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Beats In Kansas: The Beat Generation in the Heartland


DOMINION and other poems
by Alan Russo, 1977

Cover art by Robert Branaman

The additions to his kingdom are frequent and large.
It grows stealthily, but by leaps and bounds,
and though you may not read it in the papers,
each day new territories are annexed.
He has such an appetite, he is like a dark king
who buys wineyards so that he may watch
the grapes growing from his castle walls and see them
trampled beneath the exquisite feet of his minions
until he holds the bottle in his hands, and,
feeling his power, fondles the succulent child.
Our king will greatly extend his holdings
when he scents ripe fruit; you may
welcome nightfall in a land you thought safe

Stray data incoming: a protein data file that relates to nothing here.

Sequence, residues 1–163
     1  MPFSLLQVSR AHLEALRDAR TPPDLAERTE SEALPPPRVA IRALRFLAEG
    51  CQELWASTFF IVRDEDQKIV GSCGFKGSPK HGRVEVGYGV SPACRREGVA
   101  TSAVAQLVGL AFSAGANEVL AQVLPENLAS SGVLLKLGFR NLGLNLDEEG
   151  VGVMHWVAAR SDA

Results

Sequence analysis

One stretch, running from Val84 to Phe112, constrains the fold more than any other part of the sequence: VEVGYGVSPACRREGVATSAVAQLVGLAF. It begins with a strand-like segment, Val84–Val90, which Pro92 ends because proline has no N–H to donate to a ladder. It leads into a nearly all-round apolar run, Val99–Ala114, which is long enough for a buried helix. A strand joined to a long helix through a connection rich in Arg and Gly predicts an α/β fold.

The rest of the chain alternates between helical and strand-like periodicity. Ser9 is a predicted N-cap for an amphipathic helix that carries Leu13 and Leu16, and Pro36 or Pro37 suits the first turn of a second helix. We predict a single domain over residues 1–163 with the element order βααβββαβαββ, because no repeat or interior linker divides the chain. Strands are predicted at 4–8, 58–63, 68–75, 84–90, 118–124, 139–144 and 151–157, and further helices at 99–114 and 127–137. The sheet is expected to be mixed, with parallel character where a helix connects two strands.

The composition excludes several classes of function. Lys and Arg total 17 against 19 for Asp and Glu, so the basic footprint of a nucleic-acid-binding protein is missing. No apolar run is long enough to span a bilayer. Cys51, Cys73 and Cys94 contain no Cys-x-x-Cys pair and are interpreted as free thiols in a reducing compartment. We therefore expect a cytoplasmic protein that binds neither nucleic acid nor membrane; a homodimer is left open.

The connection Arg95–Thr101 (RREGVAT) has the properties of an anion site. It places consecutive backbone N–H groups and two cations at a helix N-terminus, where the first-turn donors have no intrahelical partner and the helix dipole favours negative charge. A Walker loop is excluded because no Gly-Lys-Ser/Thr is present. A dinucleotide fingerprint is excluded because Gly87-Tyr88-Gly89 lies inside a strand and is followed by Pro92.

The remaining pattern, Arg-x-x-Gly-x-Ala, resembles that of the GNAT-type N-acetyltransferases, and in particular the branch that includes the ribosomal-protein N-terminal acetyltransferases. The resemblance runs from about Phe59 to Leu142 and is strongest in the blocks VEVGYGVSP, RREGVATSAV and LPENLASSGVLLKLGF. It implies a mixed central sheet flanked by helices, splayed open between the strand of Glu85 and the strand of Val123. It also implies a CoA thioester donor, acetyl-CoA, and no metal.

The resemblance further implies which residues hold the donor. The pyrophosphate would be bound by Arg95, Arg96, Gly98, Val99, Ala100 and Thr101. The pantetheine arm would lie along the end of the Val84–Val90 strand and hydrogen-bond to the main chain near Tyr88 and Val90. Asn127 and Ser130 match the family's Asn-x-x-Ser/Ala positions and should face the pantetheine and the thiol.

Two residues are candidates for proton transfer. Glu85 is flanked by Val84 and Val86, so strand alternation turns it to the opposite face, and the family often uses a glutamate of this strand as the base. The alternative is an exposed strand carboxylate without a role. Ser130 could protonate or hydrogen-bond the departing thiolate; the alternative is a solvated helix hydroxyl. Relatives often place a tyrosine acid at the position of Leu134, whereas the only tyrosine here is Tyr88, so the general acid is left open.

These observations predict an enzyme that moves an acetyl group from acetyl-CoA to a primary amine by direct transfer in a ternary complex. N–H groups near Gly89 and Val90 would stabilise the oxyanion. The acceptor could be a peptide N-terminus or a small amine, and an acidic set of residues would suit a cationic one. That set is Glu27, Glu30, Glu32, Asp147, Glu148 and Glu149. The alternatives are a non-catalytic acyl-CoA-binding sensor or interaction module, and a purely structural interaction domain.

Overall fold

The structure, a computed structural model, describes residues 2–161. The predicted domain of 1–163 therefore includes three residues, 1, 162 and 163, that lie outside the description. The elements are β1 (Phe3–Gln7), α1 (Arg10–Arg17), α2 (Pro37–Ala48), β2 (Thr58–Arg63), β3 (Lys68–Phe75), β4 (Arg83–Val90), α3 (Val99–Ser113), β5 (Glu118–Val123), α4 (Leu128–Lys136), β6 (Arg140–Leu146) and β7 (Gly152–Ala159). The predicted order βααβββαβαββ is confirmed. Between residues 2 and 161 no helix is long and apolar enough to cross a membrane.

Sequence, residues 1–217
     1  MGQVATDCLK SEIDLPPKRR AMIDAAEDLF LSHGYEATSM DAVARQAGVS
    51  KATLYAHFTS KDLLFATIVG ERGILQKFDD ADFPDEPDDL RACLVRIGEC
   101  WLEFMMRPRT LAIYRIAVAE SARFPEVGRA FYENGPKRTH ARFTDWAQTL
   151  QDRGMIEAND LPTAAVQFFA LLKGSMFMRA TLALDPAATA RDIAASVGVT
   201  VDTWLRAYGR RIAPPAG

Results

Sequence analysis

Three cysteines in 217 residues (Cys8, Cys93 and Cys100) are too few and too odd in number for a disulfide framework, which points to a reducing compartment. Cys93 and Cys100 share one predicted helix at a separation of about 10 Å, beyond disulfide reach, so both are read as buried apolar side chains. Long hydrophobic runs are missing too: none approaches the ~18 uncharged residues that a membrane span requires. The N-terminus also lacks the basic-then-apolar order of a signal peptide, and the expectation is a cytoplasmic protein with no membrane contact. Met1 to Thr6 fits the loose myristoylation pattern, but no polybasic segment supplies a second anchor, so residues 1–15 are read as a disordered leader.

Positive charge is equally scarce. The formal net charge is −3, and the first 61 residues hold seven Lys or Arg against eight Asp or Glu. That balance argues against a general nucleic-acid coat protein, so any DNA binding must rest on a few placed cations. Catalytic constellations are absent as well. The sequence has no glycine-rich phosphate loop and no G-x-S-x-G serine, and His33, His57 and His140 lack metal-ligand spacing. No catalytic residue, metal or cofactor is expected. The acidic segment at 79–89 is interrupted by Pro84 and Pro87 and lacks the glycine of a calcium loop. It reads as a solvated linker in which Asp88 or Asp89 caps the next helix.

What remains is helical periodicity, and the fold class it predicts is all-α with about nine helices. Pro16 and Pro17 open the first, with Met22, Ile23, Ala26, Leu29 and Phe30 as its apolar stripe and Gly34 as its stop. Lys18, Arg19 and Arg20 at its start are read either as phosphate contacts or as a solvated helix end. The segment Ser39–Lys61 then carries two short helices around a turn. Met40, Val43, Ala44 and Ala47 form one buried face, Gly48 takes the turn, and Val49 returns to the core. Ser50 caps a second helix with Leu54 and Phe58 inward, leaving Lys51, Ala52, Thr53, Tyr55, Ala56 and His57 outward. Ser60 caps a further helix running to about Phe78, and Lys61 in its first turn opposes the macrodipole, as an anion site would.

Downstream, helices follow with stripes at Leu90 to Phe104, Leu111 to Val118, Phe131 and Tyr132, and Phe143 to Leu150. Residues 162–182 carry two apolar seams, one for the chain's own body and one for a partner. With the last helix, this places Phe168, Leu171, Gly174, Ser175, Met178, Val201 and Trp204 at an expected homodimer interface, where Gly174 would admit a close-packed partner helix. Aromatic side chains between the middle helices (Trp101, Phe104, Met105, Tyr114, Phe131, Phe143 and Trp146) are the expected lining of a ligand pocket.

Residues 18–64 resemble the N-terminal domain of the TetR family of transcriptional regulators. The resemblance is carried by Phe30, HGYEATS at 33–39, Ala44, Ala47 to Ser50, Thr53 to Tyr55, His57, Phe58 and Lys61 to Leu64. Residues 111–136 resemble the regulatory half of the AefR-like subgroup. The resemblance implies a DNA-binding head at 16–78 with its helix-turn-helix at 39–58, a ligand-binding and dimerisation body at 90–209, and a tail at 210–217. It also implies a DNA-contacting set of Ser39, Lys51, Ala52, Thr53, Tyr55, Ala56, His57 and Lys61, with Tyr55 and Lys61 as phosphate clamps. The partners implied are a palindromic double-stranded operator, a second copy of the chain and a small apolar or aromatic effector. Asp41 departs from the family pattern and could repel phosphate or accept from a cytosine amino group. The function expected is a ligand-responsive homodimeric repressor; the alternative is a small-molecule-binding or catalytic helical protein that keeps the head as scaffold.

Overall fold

and awake to see his tokens everywhere;
the street signs give forth hitherto hidden meanings,
the fruit on the table exudes a soft, calculating evil,
the clock is tense, expectant, spelling out a deathly
You may see his marks on a wife, a daughter;
though they keep their shells, you know they are his:
When you speak to them, it is into his pendant,
       jewelled ear;
When they reply, it is from his great slow lips;
And, most awful, when they look at you, it is with his
       cool, misty eyes.
All you who climb the stair or walk the road,
toiler, or trifler, nightflyer or daycrawler,
you will open your window for morning sun
and feel his warm glue on your face; you will
buy a ticket to Utopia under an assumed name
and wake the first morning to see
his tents line the horizon, all around.

© 1960-1977 Alan Russo; Page © 2011 George Laughead
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